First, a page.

The state rated as "poor" 37 percent of its 168,000 miles of road, according to the report by The Road Information Program, which completed the study for Transportation California, a group of contractors, unions and other organizations.
TRIP said its analysis of 2000 information from the Federal Highway Administration found that California spent $82 per resident on maintenance - less than any other state. The FHA doesn't break down per capita spending on roads.
TRIP said Georgia gave its roads the best rating, with none in poor condition.
The other states with the highest self-reported percentage of "poor" roads, according to TRIP, were Louisiana, at 27 percent; Massachusetts, at 25 percent; and New Jersey and Missouri, both at 21 percent. On average, states reported that 11 percent of their roads were in poor condition.
TRIP cautioned that though all states reported to the federal government on the quality of their roads, there was no way to ensure they used identical standards.
According to the report, the other states that spent the least were Illinois, which spent $94 per person and ranked 9 percent of its roads as poor; Michigan, which spent $106 per person and ranked 15 percent as poor; Minnesota, which spent $108 per person and ranked 4 percent as poor; and Ohio, which spent $109 per person and ranked 6 percent as poor.
The study also recommends that voters in California approve Proposition 42, on the March 5 ballot, which would use gasoline sales taxes for road maintenance.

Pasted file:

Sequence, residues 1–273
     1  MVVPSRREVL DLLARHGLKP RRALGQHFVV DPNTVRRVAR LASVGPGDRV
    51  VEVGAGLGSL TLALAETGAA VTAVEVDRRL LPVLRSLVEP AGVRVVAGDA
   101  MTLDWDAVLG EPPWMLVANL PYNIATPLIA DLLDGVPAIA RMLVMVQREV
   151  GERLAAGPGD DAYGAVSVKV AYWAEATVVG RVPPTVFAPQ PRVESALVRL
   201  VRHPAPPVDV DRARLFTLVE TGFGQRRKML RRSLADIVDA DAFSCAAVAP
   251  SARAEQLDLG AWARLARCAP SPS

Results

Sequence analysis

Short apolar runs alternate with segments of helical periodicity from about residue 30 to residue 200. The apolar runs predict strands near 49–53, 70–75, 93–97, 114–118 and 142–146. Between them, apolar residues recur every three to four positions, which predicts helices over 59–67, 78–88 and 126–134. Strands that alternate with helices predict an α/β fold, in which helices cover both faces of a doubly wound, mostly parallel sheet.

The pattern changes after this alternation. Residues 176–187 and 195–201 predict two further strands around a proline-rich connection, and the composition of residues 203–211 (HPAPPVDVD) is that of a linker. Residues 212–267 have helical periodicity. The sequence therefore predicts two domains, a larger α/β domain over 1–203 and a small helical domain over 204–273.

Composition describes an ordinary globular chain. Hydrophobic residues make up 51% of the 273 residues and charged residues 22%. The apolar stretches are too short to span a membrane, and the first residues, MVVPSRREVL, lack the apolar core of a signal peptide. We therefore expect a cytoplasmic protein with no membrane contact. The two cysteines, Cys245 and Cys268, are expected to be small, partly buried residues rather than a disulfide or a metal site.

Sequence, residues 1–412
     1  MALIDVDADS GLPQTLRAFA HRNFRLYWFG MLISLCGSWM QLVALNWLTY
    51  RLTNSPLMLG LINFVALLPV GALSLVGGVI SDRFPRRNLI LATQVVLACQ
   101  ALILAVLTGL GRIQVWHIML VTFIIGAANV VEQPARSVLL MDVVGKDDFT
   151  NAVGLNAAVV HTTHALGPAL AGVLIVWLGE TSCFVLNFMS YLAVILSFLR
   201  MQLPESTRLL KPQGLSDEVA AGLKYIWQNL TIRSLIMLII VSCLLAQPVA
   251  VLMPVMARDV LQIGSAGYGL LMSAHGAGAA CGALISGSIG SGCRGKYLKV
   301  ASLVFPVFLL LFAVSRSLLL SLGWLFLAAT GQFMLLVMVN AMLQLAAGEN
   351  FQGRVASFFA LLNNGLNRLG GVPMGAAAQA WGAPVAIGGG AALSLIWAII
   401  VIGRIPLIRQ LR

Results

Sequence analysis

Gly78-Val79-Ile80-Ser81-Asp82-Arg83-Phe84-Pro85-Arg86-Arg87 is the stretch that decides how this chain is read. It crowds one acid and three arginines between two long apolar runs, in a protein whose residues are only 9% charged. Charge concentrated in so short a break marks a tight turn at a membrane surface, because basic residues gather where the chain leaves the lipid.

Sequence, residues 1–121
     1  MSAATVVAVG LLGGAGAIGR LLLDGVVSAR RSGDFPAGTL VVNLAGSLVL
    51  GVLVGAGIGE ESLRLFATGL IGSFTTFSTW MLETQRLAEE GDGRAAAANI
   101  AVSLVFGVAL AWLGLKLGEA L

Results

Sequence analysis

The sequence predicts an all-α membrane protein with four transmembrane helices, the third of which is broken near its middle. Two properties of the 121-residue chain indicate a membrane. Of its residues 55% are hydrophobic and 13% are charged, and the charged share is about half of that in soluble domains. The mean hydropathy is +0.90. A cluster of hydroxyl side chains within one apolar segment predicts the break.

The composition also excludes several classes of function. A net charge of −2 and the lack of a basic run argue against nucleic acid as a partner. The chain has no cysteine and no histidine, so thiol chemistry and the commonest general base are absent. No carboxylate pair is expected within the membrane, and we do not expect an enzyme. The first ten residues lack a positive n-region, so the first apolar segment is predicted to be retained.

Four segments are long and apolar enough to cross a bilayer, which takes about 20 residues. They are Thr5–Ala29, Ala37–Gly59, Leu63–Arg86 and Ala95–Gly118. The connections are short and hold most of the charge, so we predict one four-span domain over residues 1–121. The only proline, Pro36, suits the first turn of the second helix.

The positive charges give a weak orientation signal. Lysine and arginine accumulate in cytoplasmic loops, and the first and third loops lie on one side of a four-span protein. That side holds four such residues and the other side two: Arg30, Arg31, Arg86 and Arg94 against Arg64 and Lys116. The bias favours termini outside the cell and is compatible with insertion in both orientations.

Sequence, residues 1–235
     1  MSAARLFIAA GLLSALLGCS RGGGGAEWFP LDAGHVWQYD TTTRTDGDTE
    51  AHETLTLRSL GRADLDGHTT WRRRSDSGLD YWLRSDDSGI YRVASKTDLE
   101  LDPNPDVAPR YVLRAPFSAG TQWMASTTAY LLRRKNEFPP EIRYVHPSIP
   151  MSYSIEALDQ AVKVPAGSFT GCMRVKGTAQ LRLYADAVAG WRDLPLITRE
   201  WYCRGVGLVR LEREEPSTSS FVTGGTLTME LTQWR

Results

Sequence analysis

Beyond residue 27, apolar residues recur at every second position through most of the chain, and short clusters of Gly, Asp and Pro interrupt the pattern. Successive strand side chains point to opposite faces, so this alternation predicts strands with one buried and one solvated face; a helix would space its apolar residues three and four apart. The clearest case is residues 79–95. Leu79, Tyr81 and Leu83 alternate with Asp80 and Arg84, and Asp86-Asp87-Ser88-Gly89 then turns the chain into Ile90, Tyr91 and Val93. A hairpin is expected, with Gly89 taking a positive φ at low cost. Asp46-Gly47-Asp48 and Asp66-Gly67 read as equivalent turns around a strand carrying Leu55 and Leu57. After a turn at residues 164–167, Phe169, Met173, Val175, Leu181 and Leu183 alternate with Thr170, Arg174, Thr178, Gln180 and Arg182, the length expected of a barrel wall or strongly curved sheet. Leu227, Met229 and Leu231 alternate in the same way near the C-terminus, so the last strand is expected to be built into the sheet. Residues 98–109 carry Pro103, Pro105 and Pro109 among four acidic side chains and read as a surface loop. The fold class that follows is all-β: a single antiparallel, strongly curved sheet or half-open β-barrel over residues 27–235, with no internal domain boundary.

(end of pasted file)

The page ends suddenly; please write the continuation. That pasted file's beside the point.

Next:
The TRIP analysis included interstates, freeways, major state roads and arterial roads, which are the major roads of a community, research director Frank Moretti said.
Dennis Trujillo, a spokesman for the California's Department of Transportation, said the state is dedicating about $1 billion a year to maintenance and repairs. Cities and counties received an additional $400 million last year for maintenance as part of the state's Congestion Relief Program. The state currently has $6 billion in general road improvements under way.
Gov. Gray Davis "has reversed a trend of 16 years of disinvestment in transportation," said Trujillo. "I believe our system is second to none, but there's room for improvement."
By Colleen Valles © MMI The Associated Press. All Rights Reserved. This material may not be published, broadcast, rewritten, or redistributed